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Christmas with Mr Darcy!

Happy Christmas everyone!

I've recently finished writing Mr Darcy's Secret, which is to be published by Sourcebooks. Here's a small extract with a festive theme. Elizabeth Bennet is married to Mr Darcy and is welcoming her family for the Christmas season to Pemberley for the first time, not without some trepidation!
Christmas Eve and the arrival of the Bennets and Bingleys to Pemberley marked the official start to the festive season. Elizabeth was pleased and surprised at her own feelings on firstly welcoming her parents and two of her sisters, Mary and Kitty, to her new home. For all her newfound happiness and exultation in the success of her marriage, she had not realised until coming face to face with them again, how much she had missed them. It was especially heartening to see her papa again and as he hugged her until she thought she might have no breath left, her feelings took her by surprise. The resulting misting of her eyes she quickly brushed away before his notice …

Snow, Christmas Trees and a Review for Willoughby's Return

Well, it's feeling very festive here in England with all the snow we've been having! As I look out of my window I can see the world dusted with icing sugar - the sky is a beautiful iridescent pearl, which reminds me of the sort of day it was in Willoughby's Return when Marianne and Margaret join a skating party in London's Hyde Park - hence the painting above. I did enjoy doing the research for this part of the book, though I seem to remember it was early summer when I wrote it!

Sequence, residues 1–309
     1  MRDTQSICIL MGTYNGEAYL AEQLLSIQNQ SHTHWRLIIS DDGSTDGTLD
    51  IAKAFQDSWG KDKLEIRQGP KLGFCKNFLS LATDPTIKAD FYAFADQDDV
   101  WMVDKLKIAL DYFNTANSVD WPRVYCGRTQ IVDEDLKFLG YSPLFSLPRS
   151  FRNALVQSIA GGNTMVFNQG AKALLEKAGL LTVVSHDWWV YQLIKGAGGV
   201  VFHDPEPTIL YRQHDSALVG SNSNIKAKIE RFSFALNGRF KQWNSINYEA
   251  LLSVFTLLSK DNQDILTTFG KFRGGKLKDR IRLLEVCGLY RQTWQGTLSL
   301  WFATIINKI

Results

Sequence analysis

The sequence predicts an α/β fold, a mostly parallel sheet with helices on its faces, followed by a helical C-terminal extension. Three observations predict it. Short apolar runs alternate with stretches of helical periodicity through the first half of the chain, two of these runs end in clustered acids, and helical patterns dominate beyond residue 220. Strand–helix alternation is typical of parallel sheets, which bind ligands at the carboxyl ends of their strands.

We put up our Christmas tree yesterday - I always love to dress the mantlepiece and my children love to do the tree. There's something very special about unwrapping all the baubles that we've had for many years - it's like finding old friends. They did a lovely job, the tree is sparkling with flower lights, glass birds, angels, father Christmases, fans and icicles - I even have Lizzy and Darcy - beautiful fabric decorations made by my sister-in-law, Trin. I'm taking a moment to…

A Review for Willoughby's Return from Austenesque

Thank you to Meredith Esparza of Austenesque Reviews for her review of Willoughby's Return!

Rating: 5 out of 5 stars
*****
“Sense and Sensibility” is such a lovely, honest, and entertaining novel; it such a shame that not many authors have attempted to compose a sequel for it. I have greatly enjoyed “Colonel Brandon's Diary” by Amanda Grange (S&S told from Colonel Brandon's point-of-view) and “Reason and Romance” by Debra White Smith (a modern adaption with Christian undertones); but neither of those are sequels or include a continuation story for Margaret. But now, having read “Willoughby's Return,” I feel I have found the sequel for “Sense and Sensibility” I have always wanted! I am so very delighted that Jane Odiwe has supplied us ravenous Austenites with this compelling and expressive sequel to cherish and enjoy!

Whatever became of Margaret Dashwood? As Elinor and Marianne's younger sister, Margaret has witnessed their heartbreaks and heartaches first hand. Has…

A Review for Willoughby's Return from Austenprose

Here's a review from Laurel Ann at Austenprose. I'd like to thank her very much for taking the time to read and review my book!